Twitter/OU_Unheard

Sigma Alpha Epsilon shuttered its University of Oklahoma chapter after a video that appears to show members chanting racist comments surfaced online.

Unheard, a self-described black student alliance "organized for change within campus administration and atmosphere," posted the video of young men singing "There will never be a n——r at SAE" on YouTube Sunday. It quickly went viral.

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"We apologize for the unacceptable and racist behavior of the individuals in the video, and we are disgusted that any member would act in such a way," the fraternity's national headquarters said in a statement announcing the chapter's closure. "Furthermore, we are embarrassed by this video and offer our empathy not only to anyone outside the organization who is offended but also to our brothers who come from a wide range of backgrounds, cultures and ethnicities."

Sigma Alpha Epsilon also suspended all of the chapter members and said those responsible may be permanently barred.

Unheard said in a statement attached to the video: "WE DO NOT LIVE IN A POST RACIAL AMERICA. Even after 50 years after the events that occurred in Selma, Alabama we still have a reason to march. We as a people have indeed come a long way, but yet still have so far to go."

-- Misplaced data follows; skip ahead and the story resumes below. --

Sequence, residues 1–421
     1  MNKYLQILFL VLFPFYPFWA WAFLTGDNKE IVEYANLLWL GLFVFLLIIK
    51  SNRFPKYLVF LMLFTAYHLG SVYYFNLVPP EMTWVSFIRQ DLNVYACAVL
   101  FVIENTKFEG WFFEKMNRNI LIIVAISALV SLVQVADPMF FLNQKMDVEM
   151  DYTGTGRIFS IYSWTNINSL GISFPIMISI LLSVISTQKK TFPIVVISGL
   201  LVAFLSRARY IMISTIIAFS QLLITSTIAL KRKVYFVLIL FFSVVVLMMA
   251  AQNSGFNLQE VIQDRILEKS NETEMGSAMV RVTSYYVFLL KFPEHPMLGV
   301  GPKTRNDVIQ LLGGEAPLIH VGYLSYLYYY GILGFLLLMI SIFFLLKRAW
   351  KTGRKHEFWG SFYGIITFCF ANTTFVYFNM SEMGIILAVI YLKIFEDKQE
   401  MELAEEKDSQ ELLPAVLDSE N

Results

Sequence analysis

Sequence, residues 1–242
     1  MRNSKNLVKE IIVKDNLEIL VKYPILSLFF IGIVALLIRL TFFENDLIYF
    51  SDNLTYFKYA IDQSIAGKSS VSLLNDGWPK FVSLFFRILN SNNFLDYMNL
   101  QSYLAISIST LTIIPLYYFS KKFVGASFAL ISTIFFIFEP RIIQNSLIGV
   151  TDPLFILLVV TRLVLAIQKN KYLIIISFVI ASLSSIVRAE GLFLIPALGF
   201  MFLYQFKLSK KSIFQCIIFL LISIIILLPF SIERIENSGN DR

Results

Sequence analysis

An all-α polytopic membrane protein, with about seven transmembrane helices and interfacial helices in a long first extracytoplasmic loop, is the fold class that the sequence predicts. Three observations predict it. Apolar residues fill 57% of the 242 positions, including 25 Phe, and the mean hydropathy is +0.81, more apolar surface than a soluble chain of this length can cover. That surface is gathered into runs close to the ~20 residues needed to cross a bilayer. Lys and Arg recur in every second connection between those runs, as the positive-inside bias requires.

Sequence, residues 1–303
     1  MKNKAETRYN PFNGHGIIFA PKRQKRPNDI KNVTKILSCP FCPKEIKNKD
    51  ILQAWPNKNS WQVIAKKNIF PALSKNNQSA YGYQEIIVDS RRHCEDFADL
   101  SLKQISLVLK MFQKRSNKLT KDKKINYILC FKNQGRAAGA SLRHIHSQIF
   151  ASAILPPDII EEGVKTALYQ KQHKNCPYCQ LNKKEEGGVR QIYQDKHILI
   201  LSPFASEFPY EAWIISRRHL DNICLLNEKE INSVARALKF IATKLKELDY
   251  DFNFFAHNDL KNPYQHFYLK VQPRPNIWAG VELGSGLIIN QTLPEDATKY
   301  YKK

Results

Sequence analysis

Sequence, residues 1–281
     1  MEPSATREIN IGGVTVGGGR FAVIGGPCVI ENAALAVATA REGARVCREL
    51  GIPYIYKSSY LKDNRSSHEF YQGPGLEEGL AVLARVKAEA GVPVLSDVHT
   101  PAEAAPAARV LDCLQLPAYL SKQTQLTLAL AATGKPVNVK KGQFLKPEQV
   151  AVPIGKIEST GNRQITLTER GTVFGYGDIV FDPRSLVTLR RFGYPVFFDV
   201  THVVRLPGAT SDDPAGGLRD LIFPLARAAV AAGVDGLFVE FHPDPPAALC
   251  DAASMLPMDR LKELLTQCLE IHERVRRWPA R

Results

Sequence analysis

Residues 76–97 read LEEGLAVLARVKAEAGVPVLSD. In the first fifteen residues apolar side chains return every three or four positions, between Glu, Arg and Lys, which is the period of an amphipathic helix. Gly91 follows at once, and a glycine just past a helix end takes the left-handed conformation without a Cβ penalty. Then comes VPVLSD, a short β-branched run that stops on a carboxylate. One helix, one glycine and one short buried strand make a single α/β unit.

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This weekend marked the 50th anniversary of Bloody Sunday, when students and civil rights leaders were attacked by police during a civil rights march.

On Monday, Unheard organized a rally to protest the discrimination and claimed the video's offensive language as the hashtag.

Stand along @ou_unheard as they work against systemic racism. Advocate for change at OU and change in our country pic.twitter.com/EFqbdwWRUS

— Nick A (@nickaguilera) March 9, 2015

The university's president, David Boren, tweeted that the behavior in the video is "reprehensible and contrary to all of our values."

Campuses across the country have seen what appears to be a spike in intolerance toward certain groups. The University of California student government last week passed a resolution condemning anti-Semitism after several acts of hostility toward Jewish students.

Emily DeRuy is a Washington, D.C.-based associate editor, covering education, reproductive rights, and inequality. A San Francisco native, she enjoys Giants baseball and misses Philz terribly.